Vrsta dvodelnog kupaćeg kkostima koji pokriva najmanje moguće površine ženskog tela koje se obično skrivaju, blesnuo je na modnoj sceni pre skoro šest decenija (1946), uprkos tome što neki tragovi ukazuju na do da se za bikini znalo i ranije.
Slava ipak pripada francuskom modnom kreatoru Luru Rearu, koji je zvaničnu promociju uspešno izveo u poznatom pariskokm plivačkom bazenu "Molitor" avgusta 1946.
A woman's abbreviated two-piece bathing suit; SYN. two-piece.
Two-piece version of the women's swimsuit, introduced 1946 in France. Early designs were heavily decorated with frills and artificial flowers. By the 1950s bikinis were popular in France, but they did not become acceptable beachwear until the early 1960s in Britain and around 1965 in the US. In the 1970s a briefer version of the bikini was introduced; the shapes and designs continue to change with fashion trends.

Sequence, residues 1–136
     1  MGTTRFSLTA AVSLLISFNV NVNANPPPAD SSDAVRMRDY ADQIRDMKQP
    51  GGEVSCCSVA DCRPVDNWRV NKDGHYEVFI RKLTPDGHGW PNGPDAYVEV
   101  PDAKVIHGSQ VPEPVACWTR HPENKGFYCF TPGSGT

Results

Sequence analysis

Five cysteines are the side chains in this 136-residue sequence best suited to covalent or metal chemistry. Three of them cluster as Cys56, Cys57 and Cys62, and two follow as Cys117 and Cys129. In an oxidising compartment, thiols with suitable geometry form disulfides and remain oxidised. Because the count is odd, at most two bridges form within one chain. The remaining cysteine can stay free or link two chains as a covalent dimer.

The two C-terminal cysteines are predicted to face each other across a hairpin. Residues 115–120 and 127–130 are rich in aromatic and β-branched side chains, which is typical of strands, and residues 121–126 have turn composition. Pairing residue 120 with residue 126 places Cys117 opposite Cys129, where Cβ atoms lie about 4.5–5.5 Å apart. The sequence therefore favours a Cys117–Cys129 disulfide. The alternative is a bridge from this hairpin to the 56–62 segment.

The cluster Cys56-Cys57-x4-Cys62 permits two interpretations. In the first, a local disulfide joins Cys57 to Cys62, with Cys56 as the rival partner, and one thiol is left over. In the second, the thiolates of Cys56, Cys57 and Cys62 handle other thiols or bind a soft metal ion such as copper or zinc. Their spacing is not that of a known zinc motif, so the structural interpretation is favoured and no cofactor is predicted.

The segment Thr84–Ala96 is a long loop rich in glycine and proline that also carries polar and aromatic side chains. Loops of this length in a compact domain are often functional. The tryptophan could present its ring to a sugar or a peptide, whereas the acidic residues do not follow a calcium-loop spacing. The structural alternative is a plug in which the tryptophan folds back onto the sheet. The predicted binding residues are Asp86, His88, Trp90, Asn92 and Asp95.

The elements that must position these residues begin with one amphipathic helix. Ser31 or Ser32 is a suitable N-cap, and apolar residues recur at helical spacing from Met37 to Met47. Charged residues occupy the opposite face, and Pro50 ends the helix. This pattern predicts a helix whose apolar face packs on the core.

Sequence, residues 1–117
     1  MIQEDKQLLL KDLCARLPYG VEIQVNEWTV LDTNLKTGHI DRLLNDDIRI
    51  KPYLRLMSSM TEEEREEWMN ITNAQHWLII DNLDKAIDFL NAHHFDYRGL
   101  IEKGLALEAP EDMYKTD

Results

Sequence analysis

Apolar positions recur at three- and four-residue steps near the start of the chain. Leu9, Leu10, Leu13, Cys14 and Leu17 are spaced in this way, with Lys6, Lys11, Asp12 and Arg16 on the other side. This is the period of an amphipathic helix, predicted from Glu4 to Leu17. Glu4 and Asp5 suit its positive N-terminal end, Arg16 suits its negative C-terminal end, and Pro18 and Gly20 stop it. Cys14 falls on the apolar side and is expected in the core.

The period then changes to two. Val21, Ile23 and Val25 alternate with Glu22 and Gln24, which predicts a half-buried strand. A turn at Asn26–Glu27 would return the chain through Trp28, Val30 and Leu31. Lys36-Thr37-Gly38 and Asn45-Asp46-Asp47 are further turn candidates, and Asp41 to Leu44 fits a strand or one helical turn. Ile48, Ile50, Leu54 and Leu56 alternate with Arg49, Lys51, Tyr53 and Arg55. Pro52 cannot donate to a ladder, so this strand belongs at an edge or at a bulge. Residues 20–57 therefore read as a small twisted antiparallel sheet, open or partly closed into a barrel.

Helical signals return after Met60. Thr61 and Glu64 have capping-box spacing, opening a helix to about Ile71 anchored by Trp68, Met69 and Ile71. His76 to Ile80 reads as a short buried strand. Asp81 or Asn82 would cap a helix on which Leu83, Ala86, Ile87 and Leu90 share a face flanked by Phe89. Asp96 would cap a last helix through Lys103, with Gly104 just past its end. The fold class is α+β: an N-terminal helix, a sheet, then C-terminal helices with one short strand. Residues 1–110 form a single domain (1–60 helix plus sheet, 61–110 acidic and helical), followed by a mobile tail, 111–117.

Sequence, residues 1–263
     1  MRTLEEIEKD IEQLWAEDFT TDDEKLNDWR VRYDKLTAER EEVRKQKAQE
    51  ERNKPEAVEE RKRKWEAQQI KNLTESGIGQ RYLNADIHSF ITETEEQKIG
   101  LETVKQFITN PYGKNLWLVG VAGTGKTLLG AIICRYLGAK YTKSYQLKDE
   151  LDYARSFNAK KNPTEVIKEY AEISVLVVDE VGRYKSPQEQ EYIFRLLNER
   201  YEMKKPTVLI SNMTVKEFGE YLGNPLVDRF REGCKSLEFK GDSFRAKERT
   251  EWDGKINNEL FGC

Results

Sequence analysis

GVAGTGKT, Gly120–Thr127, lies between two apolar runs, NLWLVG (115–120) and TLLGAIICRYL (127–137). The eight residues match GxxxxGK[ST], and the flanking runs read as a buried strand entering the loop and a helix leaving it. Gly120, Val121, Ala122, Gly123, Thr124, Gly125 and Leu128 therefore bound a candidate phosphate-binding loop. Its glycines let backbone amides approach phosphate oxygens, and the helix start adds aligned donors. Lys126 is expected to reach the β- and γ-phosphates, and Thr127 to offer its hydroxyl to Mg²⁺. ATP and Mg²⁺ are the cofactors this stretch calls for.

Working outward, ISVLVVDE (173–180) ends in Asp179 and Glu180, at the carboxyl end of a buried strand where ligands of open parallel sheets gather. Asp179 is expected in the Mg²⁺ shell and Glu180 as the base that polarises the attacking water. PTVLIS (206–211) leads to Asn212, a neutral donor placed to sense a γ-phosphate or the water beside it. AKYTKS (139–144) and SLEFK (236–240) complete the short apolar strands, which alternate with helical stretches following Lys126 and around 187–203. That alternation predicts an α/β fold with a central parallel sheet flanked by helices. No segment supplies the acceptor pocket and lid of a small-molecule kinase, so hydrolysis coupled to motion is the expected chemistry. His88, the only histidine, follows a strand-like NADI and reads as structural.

bikini pants / bɪˈkiːni ˈpænts /
Small and tight-fitting underpants; worn by women.
The name derives from the Bikini atoll in the Marshall Islands, W Pacific, where US atomic bomb test explosions were carried out 1946. The bikini was supposed to make a similarly explosive impact.
Atoll in the Marshall Islands, W Pacific, where the US carried out 23 atomic- and hydrogen-bomb tests (some underwater) 1946–58.
The islanders were relocated by the US before 1946. Some returned after Bikini was declared safe for habitation 1969, but they were again removed in the late 1970s because of continuing harmful levels of radiation. In 1990 a US plan was announced to remove radioactive topsoil, allowing 800 islanders to return home.